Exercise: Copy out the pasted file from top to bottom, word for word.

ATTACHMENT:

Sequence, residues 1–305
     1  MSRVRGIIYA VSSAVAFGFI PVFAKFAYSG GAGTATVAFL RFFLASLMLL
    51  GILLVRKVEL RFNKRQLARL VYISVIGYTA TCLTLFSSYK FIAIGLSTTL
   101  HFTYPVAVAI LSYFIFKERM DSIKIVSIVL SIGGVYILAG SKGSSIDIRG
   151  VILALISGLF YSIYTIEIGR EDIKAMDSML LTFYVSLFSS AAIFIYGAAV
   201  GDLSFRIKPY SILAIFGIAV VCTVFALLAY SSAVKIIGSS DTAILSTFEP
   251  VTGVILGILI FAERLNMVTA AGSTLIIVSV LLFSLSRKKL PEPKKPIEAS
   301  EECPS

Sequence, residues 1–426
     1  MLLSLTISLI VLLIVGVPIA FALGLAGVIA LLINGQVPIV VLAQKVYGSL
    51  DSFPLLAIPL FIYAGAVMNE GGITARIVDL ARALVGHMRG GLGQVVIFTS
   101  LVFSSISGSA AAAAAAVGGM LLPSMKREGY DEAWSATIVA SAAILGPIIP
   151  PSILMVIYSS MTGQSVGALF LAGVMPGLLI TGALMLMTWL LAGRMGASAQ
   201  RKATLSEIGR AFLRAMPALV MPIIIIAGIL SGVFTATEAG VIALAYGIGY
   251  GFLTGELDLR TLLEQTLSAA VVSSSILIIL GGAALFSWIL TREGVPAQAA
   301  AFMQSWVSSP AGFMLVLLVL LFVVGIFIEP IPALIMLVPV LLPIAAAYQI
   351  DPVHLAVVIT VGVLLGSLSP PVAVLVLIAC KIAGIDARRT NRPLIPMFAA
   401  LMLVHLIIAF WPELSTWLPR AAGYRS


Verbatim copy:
Sequence, residues 1–305
     1  MSRVRGIIYA VSSAVAFGFI PVFAKFAYSG GAGTATVAFL RFFLASLMLL
    51  GILLVRKVEL RFNKRQLARL VYISVIGYTA TCLTLFSSYK FIAIGLSTTL
   101  HFTYPVAVAI LSYFIFKERM DSIKIVSIVL SIGGVYILAG SKGSSIDIRG
   151  VILALISGLF YSIYTIEIGR EDIKAMDSML LTFYVSLFSS AAIFIYGAAV
   201  GDLSFRIKPY SILAIFGIAV VCTVFALLAY SSAVKIIGSS DTAILSTFEP
   251  VTGVILGILI FAERLNMVTA AGSTLIIVSV LLFSLSRKKL PEPKKPIEAS
   301  EECPS

Sequence, residues 1–426
     1  MLLSLTISLI VLLIVGVPIA FALGLAGVIA LLINGQVPIV VLAQKVYGSL
    51  DSFPLLAIPL FIYAGAVMNE GGITARIVDL ARALVGHMRG GLGQVVIFTS
   101  LVFSSISGSA AAAAAAVGGM LLPSMKREGY DEAWSATIVA SAAILGPIIP
   151  PSILMVIYSS MTGQSVGALF LAGVMPGLLI TGALMLMTWL LAGRMGASAQ
   201  RKATLSEIGR AFLRAMPALV MPIIIIAGIL SGVFTATEAG VIALAYGIGY
   251  GFLTGELDLR TLLEQTLSAA VVSSSILIIL GGAALFSWIL TREGVPAQAA
   301  AFMQSWVSSP AGFMLVLLVL LFVVGIFIEP IPALIMLVPV LLPIAAAYQI
   351  DPVHLAVVIT VGVLLGSLSP PVAVLVLIAC KIAGIDARRT NRPLIPMFAA
   401  LMLVHLIIAF WPELSTWLPR AAGYRS